Where—uLocate Communications (Boston, MA). Category: Navigation. The Where app, which taps into the iPhones’ GPS- and Wi-Fi-based location finding systems, combines several location-based widgets in one. For example, there’s a tool for finding Starbucks locations, another for searching out the best gasoline prices, and a third for locating other friends who are signed up with uLocate’s BuddyBeacon service. Free.
iPhone Apps from Companies in Seattle and Environs
Crash Bandicoot Nitro Kart—Vivendi Mobile Games/Sierra Entertainment (Bellevue, WA). Category: Games. This popular 3-D racing game takes advantage of the iPhone’s accelerometer, turning the whole device into a steering wheel. $9.99.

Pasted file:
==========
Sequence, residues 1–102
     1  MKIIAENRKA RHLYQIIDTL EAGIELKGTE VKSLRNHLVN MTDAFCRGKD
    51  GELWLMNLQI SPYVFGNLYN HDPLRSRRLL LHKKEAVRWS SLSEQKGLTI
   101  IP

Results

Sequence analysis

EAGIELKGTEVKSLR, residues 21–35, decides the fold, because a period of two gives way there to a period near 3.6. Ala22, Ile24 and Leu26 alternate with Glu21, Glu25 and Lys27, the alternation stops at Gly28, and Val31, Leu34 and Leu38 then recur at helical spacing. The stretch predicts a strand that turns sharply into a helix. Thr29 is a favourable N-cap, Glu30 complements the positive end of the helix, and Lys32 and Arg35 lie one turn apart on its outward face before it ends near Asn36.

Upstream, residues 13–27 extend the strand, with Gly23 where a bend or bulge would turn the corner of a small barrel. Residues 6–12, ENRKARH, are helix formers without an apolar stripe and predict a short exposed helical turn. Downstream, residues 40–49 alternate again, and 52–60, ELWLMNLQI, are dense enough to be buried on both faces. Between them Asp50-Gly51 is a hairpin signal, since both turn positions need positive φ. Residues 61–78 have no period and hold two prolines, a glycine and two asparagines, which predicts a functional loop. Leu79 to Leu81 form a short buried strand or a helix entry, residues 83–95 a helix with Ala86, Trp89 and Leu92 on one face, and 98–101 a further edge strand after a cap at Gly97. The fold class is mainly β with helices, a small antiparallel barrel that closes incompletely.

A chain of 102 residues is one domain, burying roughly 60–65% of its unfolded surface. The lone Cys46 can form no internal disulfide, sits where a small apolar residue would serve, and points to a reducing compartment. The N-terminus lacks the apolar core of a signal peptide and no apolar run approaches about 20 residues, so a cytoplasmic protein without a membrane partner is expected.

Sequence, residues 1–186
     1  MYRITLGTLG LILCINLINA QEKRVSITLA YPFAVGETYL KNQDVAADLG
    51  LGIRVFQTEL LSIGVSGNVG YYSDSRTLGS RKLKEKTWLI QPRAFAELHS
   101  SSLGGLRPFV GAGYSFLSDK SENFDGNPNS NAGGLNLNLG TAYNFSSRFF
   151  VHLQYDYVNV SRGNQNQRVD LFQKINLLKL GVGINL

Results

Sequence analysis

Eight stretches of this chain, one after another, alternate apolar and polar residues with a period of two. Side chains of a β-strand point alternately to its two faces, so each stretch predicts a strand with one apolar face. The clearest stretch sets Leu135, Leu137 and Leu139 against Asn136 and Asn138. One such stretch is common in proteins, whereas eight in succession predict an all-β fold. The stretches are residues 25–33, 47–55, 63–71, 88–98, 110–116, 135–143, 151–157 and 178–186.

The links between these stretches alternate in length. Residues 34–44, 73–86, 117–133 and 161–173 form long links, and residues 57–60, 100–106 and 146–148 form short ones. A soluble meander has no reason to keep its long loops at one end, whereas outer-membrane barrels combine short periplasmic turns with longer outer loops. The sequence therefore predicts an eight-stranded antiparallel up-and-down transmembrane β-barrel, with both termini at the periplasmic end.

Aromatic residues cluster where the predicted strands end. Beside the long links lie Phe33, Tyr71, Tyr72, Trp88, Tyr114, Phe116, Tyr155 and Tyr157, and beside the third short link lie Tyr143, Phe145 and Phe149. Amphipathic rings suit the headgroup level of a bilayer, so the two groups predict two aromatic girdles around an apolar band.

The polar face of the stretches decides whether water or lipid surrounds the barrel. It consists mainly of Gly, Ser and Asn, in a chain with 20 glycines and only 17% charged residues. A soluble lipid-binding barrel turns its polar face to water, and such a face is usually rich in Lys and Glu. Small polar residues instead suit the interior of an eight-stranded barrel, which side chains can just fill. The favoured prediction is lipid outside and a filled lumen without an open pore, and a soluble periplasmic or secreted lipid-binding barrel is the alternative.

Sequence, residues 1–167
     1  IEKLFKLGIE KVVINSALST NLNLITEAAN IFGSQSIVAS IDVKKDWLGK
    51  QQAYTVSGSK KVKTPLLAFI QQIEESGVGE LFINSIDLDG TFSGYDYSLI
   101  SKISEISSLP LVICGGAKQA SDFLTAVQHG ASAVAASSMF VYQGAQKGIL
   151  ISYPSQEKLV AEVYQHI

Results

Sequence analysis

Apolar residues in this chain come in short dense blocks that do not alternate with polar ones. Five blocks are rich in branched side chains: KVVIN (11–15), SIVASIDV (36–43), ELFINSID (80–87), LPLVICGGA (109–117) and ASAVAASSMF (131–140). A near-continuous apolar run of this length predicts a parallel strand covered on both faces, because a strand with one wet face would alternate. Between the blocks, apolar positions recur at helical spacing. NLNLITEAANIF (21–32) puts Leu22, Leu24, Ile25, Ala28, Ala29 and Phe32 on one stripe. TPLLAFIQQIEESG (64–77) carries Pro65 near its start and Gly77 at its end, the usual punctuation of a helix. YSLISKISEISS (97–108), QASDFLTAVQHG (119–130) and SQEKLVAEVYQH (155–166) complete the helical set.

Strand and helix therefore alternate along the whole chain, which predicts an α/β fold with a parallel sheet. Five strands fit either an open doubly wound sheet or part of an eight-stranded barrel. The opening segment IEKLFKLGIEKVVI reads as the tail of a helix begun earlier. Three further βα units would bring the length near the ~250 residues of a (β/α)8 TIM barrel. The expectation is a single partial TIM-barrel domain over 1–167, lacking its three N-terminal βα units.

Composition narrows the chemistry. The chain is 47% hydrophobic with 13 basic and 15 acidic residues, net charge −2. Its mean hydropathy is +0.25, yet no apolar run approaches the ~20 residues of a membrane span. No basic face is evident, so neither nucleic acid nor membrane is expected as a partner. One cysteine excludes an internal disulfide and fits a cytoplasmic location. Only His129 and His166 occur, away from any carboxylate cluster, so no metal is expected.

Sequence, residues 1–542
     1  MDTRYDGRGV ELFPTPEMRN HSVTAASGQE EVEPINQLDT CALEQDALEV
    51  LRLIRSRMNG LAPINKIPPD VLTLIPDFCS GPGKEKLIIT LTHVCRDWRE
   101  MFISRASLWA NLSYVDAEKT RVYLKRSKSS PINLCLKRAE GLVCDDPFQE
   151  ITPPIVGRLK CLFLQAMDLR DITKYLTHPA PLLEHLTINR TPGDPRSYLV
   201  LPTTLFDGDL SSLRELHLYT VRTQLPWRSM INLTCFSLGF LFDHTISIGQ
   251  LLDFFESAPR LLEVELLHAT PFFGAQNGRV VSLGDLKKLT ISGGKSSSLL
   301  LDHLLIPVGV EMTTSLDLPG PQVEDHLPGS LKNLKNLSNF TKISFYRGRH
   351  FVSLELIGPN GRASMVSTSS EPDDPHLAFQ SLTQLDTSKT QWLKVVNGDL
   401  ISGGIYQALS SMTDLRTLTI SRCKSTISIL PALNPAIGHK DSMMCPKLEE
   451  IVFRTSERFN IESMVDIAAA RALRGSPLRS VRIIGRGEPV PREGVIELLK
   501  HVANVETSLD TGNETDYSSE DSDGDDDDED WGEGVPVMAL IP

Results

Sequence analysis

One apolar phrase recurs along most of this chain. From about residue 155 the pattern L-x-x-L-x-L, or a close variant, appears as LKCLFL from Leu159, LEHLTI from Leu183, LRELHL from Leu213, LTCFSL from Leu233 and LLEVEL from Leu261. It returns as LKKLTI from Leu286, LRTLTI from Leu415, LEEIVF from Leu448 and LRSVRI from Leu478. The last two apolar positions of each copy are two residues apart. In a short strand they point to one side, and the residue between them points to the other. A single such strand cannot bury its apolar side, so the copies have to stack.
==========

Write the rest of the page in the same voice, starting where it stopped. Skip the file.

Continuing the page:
Jott—Jott Networks (Seattle, WA). Category: Productivity. Like Jott’s telephone-based service, this app lets users record brief voice memos, which are transcribed and stored in folders or added to to-do lists. Free.
Leaflets—Blue Flavor (Seattle, WA). Technically, Leaflets aren’t native iPhone apps—they’re designed to be accessed through the device’s Safari Web browser. But they’re very app-like, providing users with simple icons (Leaflets) that let them tap into RSS feeds, Flickr photostreams, sports scores, New York Times headlines, events at Upcoming.org, and the like. Free.
Nearby—Platial (Portland, OR). Category: Lifestyle. This interesting application combines photography, location-based search, and social networking, allowing users to use their current location to search for photographs, reviews, and other listings created by other Nearby users. Free.